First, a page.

Galt Green Energy

The complete hydro package


Ontario-based Galt Green Energy produces a packaged in-stream hydropower system designed to generate electricity from low-head water drops with minimal civil works required.
Established in 1980 as Rapid-Eau Technologies, Galt Green Energy (‘Galt’) has been in the small and micro hydro business for a long time – and it shows. So brilliant was its ‘L’ turbine, developed in 1984 and recognised in the Innovation category of the Canada Awards for Excellence in 1986, that an updated version still forms the basis of its product offering today. The L turbine’s innovative inverted siphon system was a breakthrough in small hydro-electric technology and helped ensure Galt’s success throughout the 80s, 90s and 00s.
 
“The L turbine was a very large development in hydropower, in that it reduced the complexity of a turbine casing by removing the guide veins that are required to monitor the flows through the turbine,” says Galt Vice President of Business Development Will Rogers.
 
“The process for developing hydropower here in Ontario throughout the 80s, 90s and 00s leant very well to the type of turbine we had designed, so we focused on the traditional type of hydropower development: installing the systems in existing dams and doing independent projects. We completed 18 projects in Ontario over that time.”
 
A few years ago, Rapid-Eau Technologies span off a new company called Rapid-Eau Automation. This spin-off specialised in the design and implementation of electrical control technology, and created programmable control systems that are now in use throughout parts of Canada and the US. In June 2012, however, in response to trends and opportunities the Rapid-Eau team had observed worldwide, the two companies were recombined to form Galt Green Energy.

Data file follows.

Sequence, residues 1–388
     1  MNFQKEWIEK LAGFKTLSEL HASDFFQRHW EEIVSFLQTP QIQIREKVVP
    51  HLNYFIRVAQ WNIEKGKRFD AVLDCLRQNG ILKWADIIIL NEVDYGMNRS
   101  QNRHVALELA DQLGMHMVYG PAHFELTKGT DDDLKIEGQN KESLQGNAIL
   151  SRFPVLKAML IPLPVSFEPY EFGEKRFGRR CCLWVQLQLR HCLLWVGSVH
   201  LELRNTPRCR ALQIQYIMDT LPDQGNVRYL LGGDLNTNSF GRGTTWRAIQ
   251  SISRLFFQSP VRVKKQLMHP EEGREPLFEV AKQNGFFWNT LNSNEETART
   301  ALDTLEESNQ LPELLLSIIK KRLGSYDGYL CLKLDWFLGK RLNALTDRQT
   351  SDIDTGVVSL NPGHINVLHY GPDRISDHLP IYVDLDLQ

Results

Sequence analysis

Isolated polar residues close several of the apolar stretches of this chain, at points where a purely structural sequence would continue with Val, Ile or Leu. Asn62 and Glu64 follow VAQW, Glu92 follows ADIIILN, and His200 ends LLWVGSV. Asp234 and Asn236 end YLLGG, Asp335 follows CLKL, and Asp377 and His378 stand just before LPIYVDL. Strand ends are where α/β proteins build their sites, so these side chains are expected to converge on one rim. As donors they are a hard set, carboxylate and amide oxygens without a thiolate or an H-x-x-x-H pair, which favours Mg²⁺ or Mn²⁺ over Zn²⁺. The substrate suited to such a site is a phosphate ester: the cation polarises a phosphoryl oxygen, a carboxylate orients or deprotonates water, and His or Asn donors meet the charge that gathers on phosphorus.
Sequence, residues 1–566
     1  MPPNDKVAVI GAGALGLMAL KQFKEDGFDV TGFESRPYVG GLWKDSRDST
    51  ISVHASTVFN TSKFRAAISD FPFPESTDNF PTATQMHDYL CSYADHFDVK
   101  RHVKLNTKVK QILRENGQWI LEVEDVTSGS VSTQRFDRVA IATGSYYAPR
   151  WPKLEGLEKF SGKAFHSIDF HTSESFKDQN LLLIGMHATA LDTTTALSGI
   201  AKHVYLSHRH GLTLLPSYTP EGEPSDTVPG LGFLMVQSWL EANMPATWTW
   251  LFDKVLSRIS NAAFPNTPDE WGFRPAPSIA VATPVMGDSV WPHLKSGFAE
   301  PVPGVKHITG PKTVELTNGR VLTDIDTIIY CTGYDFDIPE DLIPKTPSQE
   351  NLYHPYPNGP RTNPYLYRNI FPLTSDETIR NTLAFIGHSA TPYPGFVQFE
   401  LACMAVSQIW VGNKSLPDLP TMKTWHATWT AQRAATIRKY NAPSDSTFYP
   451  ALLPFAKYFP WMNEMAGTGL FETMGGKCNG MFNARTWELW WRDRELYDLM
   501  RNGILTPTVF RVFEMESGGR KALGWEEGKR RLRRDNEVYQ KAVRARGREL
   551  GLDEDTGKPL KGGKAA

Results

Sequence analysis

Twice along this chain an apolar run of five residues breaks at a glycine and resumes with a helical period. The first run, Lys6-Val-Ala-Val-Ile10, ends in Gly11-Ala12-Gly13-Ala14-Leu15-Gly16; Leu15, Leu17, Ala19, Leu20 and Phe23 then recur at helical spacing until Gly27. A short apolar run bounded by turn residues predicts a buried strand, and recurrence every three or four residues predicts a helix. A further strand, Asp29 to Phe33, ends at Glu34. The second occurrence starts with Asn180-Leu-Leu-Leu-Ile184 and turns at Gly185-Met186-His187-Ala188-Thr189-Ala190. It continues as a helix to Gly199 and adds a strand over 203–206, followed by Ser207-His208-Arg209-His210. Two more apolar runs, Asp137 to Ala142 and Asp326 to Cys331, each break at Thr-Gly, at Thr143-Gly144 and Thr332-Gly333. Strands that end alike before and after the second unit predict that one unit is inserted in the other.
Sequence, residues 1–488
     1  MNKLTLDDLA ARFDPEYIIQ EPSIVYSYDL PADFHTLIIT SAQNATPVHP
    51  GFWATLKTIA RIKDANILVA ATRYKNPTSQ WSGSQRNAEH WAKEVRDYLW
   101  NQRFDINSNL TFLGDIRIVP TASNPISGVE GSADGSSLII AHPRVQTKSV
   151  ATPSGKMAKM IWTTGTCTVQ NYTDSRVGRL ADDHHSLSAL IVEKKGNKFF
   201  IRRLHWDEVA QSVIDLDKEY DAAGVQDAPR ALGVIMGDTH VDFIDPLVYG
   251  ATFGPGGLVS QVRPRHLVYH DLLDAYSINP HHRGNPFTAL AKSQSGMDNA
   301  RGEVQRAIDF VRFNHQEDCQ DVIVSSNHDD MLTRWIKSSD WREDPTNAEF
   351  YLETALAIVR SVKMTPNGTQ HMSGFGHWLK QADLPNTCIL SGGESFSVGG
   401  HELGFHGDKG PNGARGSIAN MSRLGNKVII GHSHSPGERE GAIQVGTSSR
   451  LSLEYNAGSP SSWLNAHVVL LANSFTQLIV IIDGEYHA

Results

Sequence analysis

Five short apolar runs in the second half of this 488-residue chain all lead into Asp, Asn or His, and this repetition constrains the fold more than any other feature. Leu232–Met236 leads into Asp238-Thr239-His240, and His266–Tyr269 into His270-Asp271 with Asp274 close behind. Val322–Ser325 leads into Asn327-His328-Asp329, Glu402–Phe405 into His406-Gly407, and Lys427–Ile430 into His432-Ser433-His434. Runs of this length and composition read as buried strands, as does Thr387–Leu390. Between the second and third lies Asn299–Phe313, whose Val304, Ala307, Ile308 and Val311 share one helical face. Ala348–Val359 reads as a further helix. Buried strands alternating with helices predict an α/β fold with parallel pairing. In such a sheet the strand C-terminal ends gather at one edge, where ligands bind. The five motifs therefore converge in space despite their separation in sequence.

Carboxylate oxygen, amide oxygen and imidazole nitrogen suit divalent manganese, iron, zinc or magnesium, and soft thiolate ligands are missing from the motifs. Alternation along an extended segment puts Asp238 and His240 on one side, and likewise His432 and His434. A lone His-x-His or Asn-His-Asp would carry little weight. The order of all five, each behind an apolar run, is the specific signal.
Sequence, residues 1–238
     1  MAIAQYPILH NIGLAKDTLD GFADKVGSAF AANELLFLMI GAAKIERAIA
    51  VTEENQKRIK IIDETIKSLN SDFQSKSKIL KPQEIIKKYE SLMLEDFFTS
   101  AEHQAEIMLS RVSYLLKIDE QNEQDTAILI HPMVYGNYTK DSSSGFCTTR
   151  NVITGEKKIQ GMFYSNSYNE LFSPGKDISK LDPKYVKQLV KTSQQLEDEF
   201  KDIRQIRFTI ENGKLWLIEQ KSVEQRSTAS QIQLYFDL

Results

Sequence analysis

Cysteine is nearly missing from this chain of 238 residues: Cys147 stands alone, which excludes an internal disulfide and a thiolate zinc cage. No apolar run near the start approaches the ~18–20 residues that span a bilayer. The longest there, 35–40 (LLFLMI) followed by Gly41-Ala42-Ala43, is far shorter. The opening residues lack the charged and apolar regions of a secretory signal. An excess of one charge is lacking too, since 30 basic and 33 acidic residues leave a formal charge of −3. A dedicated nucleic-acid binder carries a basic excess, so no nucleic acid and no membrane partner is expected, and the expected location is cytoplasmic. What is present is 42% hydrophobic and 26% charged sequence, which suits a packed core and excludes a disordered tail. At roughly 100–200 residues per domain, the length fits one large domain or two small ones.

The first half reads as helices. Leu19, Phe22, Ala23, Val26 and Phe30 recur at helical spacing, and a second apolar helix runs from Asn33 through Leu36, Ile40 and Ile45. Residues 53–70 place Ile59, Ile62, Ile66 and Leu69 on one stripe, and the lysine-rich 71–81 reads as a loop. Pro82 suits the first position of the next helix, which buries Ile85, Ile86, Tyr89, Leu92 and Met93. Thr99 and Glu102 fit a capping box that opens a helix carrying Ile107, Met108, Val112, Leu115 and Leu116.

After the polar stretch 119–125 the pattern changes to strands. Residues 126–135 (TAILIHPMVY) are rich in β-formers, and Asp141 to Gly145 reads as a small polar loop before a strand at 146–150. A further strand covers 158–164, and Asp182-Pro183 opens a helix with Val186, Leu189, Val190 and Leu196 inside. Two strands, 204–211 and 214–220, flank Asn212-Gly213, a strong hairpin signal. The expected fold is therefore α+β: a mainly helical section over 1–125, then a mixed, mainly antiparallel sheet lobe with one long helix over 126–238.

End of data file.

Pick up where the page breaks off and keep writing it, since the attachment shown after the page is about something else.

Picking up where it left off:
“We realised that the market was leaning towards low-head hydropower installations, which utilise drops between 2-6m high, because a lot of the large hydropower developments, in Canada especially, have been exploited already,” says Rogers.
 
“So we brought together our patented water turbine technology developed in the 80s, and our industry-leading automation technology from the 90s, to create the Eco-Siphon: the industry’s first in-stream fully packaged hydro station.”
 
Saving time and money
 
The Eco-Siphon Packaged Hydro Station has many features that set it apart from other hydropower technologies. The clearest is that its self-contained design prevents it from having any substantial impact on the environment. The design also reduces the cost of civil works for installation by 50%.
 
“With traditional hydropower applications there is a lot of civil work, concrete pouring and similar that has to be done,” says Rogers.
 
“We’ve reduced that by half, by packaging our system and making it plug and play, so it can be plugged into an existing dam or waterfall. In many cases, our system will fit into a dam in such a way that we need to pour only very minimal concrete; but if it is a natural application, with no dam involved, we can set up our system on four adjustable legs, removing the environmental impact entirely.”
 
Halving the civil works also halves the time it takes to develop a hydropower project, meaning an Eco-Siphon project is likely to take between eight and 10 months to develop, compared with the 36 months it might take to develop a traditional hydropower project from beginning to end.